That may be about to change. Bob Zoellick, the Bank's current president, recently talked in a speech about the "democratization" of development, where the Bank and other aid agencies no longer pretend to have a monopoly on understanding problems and devising solutions. Bank experts would still have a great deal of technical expertise, but the role of Bank staff would shift. Instead of trying to find and hire the elusive "best expert in the world on subject X," the Bank would hire very good experts who are capable of leading a conversation among other experts, government officials, and regular citizens about the most pressing problems and the most viable potential solutions. Bank staff would in a sense become "hosts" of conversations about what to do, and then would have the ability to financially support the initiatives and approaches that arise from these conversations.
Hosting effective conversations is hard, and it may be the most in-demand skill at the Bank in the decade ahead. If the Bank can make progress in this area, however, the payoff for the institution could be large. In addition, by modeling openness and an ability to listen, the Bank would be putting indirect pressure on governments around the world to do the same. If regular people are able to comment on and even contribute to the design of World Bank projects, they are surely going to begin demanding the same treatment from their own governments. The resulting increase in citizen voice and government responsiveness could end up having a far more important impact than any particular Bank project(s).
Zoellick has assembled a solid team to help the Bank remake itself. Sanjay Pradhan, Randi Ryterman, Aleem Walji, and others are helping lead a conversation within the Bank on ways to cultivate new thinking and approaches. As the NY Times article notes, significant culture change is going to be required, and that is always tough. And change will also demand hard thinking about the World Bank's business model, which currently relies on generating a spread on its loans and other financial instruments. Incentives within the institution remain tied to the ability of staff to make loans and help the institution generate the income that it needs to operate.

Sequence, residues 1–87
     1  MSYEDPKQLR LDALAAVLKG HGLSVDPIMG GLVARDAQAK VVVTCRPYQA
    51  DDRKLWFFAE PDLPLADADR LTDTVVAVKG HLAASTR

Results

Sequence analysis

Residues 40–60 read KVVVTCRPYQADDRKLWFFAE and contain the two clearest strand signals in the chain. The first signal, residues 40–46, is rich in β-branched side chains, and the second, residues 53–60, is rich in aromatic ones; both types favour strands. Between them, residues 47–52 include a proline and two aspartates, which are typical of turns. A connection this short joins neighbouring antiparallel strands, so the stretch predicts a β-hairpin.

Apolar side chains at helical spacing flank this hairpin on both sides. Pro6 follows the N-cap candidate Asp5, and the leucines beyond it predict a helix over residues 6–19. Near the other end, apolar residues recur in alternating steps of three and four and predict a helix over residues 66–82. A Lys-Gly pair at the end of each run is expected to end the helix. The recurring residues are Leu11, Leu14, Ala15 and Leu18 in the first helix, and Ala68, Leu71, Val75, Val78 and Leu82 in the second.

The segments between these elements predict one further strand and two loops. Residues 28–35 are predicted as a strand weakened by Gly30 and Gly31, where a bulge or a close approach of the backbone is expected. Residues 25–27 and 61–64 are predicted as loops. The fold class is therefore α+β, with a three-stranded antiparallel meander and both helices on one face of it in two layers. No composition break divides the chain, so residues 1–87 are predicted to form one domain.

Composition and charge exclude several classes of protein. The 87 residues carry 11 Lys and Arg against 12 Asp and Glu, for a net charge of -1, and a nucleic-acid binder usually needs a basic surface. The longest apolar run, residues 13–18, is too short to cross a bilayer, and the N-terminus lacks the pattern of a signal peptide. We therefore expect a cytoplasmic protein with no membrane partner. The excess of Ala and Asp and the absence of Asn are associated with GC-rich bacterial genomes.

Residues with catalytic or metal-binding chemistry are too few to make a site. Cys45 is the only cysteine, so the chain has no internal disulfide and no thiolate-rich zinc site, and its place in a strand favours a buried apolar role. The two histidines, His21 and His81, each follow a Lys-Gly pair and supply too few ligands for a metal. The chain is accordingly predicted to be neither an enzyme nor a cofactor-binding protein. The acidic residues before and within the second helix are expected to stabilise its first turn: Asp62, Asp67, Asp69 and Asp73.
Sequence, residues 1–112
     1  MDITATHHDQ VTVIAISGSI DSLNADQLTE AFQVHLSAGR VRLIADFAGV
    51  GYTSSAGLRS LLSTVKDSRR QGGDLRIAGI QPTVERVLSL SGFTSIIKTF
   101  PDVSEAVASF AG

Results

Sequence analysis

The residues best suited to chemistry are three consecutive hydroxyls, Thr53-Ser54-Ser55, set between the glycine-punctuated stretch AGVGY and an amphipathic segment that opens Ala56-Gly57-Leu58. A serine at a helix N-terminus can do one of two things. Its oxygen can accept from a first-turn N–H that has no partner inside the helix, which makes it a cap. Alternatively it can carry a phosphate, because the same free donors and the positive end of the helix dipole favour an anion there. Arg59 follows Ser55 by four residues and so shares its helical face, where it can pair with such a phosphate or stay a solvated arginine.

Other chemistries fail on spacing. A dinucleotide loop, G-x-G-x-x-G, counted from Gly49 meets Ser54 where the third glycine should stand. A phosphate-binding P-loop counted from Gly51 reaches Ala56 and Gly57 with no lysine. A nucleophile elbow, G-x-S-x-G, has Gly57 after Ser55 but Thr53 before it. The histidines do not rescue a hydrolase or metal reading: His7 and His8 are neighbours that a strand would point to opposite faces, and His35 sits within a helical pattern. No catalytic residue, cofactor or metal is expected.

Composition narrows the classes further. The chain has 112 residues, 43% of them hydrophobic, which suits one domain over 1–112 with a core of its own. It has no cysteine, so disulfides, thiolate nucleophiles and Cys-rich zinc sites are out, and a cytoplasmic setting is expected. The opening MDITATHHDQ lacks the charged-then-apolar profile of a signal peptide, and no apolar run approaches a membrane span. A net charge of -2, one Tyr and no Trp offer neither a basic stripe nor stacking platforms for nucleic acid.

The good news is that the best staff at the World Bank are leading the way. A while back, some of my former colleagues hosted an informal all-day Saturday session for health officials in a Latin American country. No ties were allowed, and there was no rigid agenda. When I told one of the Bank conveners that I was sorry he had to work on a Saturday, he told me that it was one of the most productive days of his career. "For once, we did not give them a long lecture," he told me. "We just served them pizza and kept the conversation headed in the right direction, injecting bits of information but not pressing my own views too hard."
As a result, the health officials swapped stories about what was working and what wasn't in their country. They were able to be candid about their failures as well as their successes. The conversation was not about What is the RIGHT ANSWER? Rather, it was about What are some reasonable things to try in our country, and how can we best evaluate the results? The participants liked the experience so much that one of the officials present hosted a similar session, with Bank help, for other countries in the region. The effort led to a great deal of social capital that allowed successes and failures to be honestly shared, thereby speeding experimentation and improving feedback loops.
My friend told me he felt he had helped advance reform more on that single day than in months of formal meetings and expert presentations. Instead of being a Bank expert pushing for the RIGHT policy, he was helping a country's own experts iterate toward an approach that would work in their context. Furthermore, the trust and social capital that emanated from these meetings led the countries involved to seek several hundred million dollars of funding from the Bank to support their reform agendas. The revenue from these loans in turn enable the Bank staff to provide additional intellectual support, including hosting more conversations.